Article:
Summer Academy students use refreshable Braille coding to work with 3D printing

STEM expo provides visually impaired students with opportunity to learn about additive manufacturing

11/11/2019

By Cassie Kidwell

UNIVERSITY PARK, Pa. — As part of the two-week, intensive Summer Academy for Students Who Are Blind or Visually Impaired, Penn State engineering students used easily accessible coding to help visually impaired high school students 3D print fully extendable lightsabers.

The Summer Academy, hosted on Penn State’s University Park campus, serves to provide resources that may be useful for visually impaired students as they transition to postsecondary education. The primary focus of the academy includes daily living activities; career awareness; low-vision rehabilitation; and technology, travel, social, self-advocacy and networking skills enhancement.

As part of the program, nine STEM-related labs, businesses and organizations came together to offer interactive mini-workshops in the Huck Life Sciences Building. Toby Mahan, a doctoral candidate in mechanical engineering, and Katrina Verlinde, a junior engineering science student, participated via the Technology and Human Research in Engineering Design (THRED) Group. THRED Group is an interdisciplinary research group directed by Christopher McComb, assistant professor of engineering design and mechanical engineering, and Jessica Menold, assistant professor of engineering design and mechanical engineering.

“STEM weekend — during which our particular event occurred — exposes students to concepts in STEM and STEM research, and it empowers students who are interested in a career in STEM,” Verlinde said.

Mahan and Verlinde worked with other THRED Group members to develop engaging engineering activities, focused on the additive manufacturing — or 3D printing — design process.

“They wanted to have hands-on activities that the Summer Academy students could experience,” Mahan said. “We decided to try to engage their tactile and audio senses.”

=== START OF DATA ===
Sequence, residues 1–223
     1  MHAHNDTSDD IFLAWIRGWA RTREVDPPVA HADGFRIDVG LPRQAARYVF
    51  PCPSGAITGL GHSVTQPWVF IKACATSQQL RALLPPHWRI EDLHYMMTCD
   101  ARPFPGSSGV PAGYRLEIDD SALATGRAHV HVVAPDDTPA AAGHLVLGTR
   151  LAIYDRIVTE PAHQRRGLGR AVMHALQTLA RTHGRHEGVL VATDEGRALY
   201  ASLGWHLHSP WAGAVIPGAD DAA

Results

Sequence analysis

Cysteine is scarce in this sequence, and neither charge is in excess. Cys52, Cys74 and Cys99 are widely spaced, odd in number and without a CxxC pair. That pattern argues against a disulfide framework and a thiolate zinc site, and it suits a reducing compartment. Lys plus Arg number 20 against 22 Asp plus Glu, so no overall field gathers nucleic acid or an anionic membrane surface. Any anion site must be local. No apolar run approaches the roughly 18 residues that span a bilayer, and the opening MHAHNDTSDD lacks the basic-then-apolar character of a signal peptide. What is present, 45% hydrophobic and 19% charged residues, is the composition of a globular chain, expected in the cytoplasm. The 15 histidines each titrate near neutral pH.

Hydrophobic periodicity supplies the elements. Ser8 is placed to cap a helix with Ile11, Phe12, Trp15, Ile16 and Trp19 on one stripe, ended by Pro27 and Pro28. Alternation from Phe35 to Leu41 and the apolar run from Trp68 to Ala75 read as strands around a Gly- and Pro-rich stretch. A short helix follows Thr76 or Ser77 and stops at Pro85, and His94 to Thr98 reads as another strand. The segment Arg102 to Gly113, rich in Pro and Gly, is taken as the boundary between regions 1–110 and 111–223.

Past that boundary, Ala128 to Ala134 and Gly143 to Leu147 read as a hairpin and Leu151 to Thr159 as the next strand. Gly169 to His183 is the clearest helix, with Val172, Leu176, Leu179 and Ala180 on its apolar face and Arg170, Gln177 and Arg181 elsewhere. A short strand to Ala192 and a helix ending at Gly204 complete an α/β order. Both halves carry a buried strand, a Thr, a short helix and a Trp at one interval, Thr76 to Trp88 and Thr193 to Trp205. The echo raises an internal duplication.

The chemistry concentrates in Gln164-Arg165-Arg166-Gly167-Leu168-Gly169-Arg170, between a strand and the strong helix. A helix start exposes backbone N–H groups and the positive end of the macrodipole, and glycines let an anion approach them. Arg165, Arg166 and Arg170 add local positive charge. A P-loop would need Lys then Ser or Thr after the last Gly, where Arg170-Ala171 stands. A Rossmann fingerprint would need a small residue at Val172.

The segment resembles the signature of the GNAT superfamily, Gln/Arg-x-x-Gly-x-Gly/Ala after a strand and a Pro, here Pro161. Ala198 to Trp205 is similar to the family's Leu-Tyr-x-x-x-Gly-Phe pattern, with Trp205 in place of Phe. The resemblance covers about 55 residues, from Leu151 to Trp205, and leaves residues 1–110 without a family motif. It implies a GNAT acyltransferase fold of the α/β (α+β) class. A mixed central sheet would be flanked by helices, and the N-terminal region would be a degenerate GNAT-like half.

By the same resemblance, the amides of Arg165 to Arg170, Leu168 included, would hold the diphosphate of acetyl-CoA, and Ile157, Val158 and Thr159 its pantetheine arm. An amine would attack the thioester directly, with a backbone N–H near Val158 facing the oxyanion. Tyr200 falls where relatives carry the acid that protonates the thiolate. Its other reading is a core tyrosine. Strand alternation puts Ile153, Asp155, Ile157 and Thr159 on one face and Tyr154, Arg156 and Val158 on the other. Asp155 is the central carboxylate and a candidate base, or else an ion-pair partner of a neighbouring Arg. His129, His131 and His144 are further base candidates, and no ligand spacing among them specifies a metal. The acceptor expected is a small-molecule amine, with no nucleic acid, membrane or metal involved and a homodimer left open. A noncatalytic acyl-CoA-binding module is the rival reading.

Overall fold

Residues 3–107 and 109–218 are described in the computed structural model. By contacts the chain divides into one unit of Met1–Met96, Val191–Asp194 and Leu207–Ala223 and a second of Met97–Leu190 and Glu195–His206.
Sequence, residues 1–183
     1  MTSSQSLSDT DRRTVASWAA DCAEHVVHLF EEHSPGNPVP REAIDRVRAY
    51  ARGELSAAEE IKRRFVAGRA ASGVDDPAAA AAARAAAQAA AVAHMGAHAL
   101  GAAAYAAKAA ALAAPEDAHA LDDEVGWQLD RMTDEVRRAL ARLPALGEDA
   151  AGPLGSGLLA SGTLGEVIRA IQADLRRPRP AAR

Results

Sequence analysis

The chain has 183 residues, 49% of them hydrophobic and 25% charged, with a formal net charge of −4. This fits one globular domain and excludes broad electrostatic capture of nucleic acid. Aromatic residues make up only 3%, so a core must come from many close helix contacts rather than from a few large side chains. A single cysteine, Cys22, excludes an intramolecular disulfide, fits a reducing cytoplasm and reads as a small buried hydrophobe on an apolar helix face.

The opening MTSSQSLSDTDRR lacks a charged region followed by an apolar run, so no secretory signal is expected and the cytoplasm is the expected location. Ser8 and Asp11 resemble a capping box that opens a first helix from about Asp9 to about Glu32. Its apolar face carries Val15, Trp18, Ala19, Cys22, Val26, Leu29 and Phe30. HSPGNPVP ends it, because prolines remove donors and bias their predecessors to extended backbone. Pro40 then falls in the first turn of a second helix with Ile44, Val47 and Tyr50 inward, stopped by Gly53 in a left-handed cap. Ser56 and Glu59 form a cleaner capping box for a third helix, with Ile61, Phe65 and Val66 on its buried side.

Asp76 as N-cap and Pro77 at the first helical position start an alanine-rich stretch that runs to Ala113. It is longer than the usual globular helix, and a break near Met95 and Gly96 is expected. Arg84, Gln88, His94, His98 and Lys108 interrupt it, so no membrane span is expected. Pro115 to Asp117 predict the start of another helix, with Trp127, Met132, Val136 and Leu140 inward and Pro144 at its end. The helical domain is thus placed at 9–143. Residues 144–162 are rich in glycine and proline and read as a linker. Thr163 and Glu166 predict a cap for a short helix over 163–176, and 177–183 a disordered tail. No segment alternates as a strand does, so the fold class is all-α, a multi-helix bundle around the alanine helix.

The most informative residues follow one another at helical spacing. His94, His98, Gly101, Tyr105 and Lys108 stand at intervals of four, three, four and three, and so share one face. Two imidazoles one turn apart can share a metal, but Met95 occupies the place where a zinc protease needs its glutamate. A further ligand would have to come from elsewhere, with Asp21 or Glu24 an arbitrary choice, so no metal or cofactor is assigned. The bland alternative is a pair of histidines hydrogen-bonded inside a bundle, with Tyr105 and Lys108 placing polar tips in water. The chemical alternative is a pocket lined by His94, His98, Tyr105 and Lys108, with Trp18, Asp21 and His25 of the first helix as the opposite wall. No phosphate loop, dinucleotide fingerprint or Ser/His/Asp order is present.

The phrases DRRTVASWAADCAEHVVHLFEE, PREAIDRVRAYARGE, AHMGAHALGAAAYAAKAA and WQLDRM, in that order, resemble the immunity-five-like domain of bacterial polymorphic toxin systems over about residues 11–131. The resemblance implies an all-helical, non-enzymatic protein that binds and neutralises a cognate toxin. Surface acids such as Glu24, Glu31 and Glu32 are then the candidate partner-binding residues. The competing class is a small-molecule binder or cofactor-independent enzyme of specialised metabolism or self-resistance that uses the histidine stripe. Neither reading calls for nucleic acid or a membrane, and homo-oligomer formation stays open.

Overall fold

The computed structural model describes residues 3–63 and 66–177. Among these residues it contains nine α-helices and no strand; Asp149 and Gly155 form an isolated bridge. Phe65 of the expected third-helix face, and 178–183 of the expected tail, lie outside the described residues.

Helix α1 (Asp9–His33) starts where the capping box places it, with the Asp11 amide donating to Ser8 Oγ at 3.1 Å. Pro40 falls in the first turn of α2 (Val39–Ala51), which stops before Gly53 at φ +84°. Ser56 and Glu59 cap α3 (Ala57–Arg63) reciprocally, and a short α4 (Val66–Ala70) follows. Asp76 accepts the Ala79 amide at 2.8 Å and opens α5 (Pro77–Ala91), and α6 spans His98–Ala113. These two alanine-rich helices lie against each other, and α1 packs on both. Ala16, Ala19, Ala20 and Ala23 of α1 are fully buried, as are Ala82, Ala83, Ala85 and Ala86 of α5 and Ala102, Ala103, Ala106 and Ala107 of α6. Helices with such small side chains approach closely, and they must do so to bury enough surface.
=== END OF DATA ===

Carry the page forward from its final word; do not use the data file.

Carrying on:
The THRED Group achieved this by using OpenSCAD, an open-source, accessible coding language to design several 3D-printed objects, including 3D-printed lightsabers.

The students were given 15 minutes to walk through the design process. Starting with a simple 3D-printed cylinder, a new code could be added to OpenSCAD to modify the cylinder into a fully extendable lightsaber.

Students used a refreshable Braille display, provided by a Summer Academy affiliate, with audio of the code to program the 3D printing of the design. According to Verlinde, the software could translate any text from a website or program to Braille.

Verlinde explained that the Braille reader allowed students who wanted to know more about the coding of the 3D printer to read the code and understand the process of designing the lightsaber without prior coding experience.

“Everybody interacts with technology differently, so it’s important to factor accessibility into your design processes,” she said. “It was amazing to see a design solution for visually impaired technology users in action.”

Verlinde said she enjoyed working with the Summer Academy students and hearing their experiences and excitement — the students’ skills in additive manufacturing ranged from those who had never used it before to students who had 3D printers at their schools.

Mahan said the students left the expo more excited about 3D printing after learning about the accessibility of technology. Many showed interest in discovering if their high schools have or could introduce accessible 3D printing options.

“The workshop gave students a window into how to break down a design into steps and consider design needs — a skill that’s incredibly important for designers, engineers and anyone who makes anything,” Verlinde said.

The Pennsylvania Department of Labor & Industry, Office of Vocational Rehabilitation’s Bureau of Blindness and Visual Services, in partnership with the Pennsylvania Department of Education, Bureau Of Special Education’s Pennsylvania Training and Technical Assistance Network, and Penn State’s College of Education and College of Health and Human Development, in conjunction with Penn State Conferences and Institutes, hosts the Summer Academy for Students who are Blind or Visually Impaired at Penn State’s University Park campus.

 

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red 3D-printed pieces are spread out on a table

The 3D-printed lightsabers consisted of multiple printed pieces, which were assembled together to create the final product. IMAGE: TOBY MAHAN

“The workshop gave students a window into how to break down a design into steps and consider design needs — a skill that’s incredibly important for designers, engineers and anyone who makes anything.”
—Katrina Verlinde, engineering science junior

 
 

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The School of Engineering Design, Technology, and Professional Programs (SEDTAPP) delivers effective engineering education and unrivaled research opportunities through active, collaborative, project-based, and professionally oriented classroom experiences. SEDTAPP offers a variety of programs that partner faculty, students, and industry in the study of real-life engineering problems. Our programs teach students to solve real-life problems with innovative solutions. 

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